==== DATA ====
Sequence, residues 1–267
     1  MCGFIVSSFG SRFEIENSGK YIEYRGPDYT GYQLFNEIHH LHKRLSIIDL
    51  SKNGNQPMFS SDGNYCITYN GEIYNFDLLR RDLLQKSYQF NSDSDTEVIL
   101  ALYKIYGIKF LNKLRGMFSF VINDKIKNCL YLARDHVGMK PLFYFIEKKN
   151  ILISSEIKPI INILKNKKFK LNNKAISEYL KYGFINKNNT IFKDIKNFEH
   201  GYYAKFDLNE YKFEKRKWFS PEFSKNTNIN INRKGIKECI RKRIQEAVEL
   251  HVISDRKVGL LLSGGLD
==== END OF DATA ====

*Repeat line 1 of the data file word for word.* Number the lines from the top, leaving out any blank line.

Sequence, residues 1–267